Of course, Rabbis for Obama is free to offer membership to anyone it wants. But if it is going to be used by the president and his party as a prop in their effort to persuade wavering Jewish voters that they can rely on Obama to stick by Israel, then its roster ought to consist of rabbis who actually do support the Jewish state. If a notorious anti-Zionist like Gottlieb is a member in good standing of Rabbis for Obama, it raises the question of what exactly the group stands for? How can it put itself forward as proof of the American Jewish community’s trust in President Obama as a faithful friend of the Jewish state when it is willing to embrace a leader of the movement to vilify Israel?

The point here is that even those who call for inclusion of left-wing groups that often protest Israeli policies like J Street in community councils, understand that Jewish Voices for Peace is beyond the pale. Any group that includes it or its leaders can’t be considered pro-Israel. Is that the message Democrats want to be putting out about its rabbinical front group?

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What Alienation? Donations to Israel Rise

More proof, as if any was needed after Sol Stern’s merciless evaluation in April’s COMMENTARY, that the alleged crisis in American Zionism is a psychodrama playing out inside Peter Beinart’s head and few other places:

Donations by U.S. Jews to Israeli nonprofits have doubled during the past 12 years, according to a first-of-its-kind study conducted by professors at Brandeis University. The study, scheduled to be completed in late April, disproves the widely held view by many Israelis that philanthropic donations from the United States have dropped over time due to economic and political reasons… [it] suggests quite the opposite.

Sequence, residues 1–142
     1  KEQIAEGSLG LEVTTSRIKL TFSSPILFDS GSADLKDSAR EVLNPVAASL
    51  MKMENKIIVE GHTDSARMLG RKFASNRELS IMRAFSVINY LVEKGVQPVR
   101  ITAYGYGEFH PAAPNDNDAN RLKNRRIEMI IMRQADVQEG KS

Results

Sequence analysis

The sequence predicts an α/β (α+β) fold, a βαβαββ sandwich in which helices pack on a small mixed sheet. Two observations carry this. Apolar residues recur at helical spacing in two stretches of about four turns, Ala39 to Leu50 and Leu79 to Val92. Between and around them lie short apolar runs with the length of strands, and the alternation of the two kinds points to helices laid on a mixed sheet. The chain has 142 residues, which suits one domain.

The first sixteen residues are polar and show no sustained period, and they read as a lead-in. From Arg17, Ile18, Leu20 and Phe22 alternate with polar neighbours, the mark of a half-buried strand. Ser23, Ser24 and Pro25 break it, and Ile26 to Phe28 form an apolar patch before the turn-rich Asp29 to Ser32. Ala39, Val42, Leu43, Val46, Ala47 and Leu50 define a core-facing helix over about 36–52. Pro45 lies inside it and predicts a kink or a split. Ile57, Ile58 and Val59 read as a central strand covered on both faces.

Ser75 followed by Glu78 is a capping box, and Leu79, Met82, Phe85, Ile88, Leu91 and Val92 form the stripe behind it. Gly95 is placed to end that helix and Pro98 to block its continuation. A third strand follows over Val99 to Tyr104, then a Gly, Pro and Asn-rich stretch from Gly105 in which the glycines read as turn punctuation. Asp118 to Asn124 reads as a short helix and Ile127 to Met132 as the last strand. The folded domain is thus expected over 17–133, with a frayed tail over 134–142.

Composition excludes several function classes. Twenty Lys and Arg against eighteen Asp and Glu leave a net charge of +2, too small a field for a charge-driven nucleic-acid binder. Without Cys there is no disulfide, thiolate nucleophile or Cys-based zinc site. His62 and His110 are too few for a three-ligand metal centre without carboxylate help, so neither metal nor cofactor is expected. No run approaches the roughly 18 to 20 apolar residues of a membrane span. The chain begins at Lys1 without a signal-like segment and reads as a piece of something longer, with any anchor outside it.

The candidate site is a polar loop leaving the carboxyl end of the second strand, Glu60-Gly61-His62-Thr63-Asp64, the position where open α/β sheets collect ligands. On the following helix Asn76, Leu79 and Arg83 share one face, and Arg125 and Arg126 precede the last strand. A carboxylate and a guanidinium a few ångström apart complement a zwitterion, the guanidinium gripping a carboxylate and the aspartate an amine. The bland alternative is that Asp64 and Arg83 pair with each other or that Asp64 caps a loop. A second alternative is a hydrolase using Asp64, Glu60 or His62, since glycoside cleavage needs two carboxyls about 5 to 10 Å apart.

The numbers are overstated a little bit – Ben Smith quickly noticed that the “doubled” claim doesn’t account for inflation — but otherwise conclusive.

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More proof, as if any was needed after Sol Stern’s merciless evaluation in April’s COMMENTARY, that the alleged crisis in American Zionism is a psychodrama playing out inside Peter Beinart’s head and few other places:

Donations by U.S. Jews to Israeli nonprofits have doubled during the past 12 years, according to a first-of-its-kind study conducted by professors at Brandeis University. The study, scheduled to be completed in late April, disproves the widely held view by many Israelis that philanthropic donations from the United States have dropped over time due to economic and political reasons… [it] suggests quite the opposite.

The numbers are overstated a little bit – Ben Smith quickly noticed that the “doubled” claim doesn’t account for inflation — but otherwise conclusive.

They’re also in line with overwhelming polling demonstrating that American Jews are as sympathetic or more sympathetic to Israel than they’ve ever been. Their identification with the Jewish State has remained inside a ten-point range, roughly between the upper 60′s and upper 70′s, for more than 10 years. There hasn’t been much work done on why the number fluctuates inside that range, e.g. if the changes are random noise or if they track with military and diplomatic conflict or if they follow the rest of America in dropping when Israel offers dangerous concessions. But overall American Jewish support for Israel simply hasn’t changed very much.

These findings should put an end to the pretenses of the anti-Israel American Jewish left. If American Jews were increasingly alienated from Israel, then J Street and Beinart and similarly minded partisans would be justified in trying to provide them with a “route into the pro-Israel world.” If the premise is false, then those partisans are bombarding broadly pro-Israel Americans with anti-Israel propaganda, with the only risk being that they decrease rather than increase sympathy for the Jewish State.

It can’t be emphasized enough how this part of the debate is no longer theoretical. It’s not a matter of two sides having different assumptions, each of which is backed by plausible arguments. Empirical evidence converges on the conclusion that American Jewish support for Israel is stable. Eventually, pretending otherwise goes from being understandable denial – after all, left-wing American Jews have invested a lot in the Alienation Thesis, literally and metaphorically – and slips into being willful dishonesty. We’re fast approaching that point.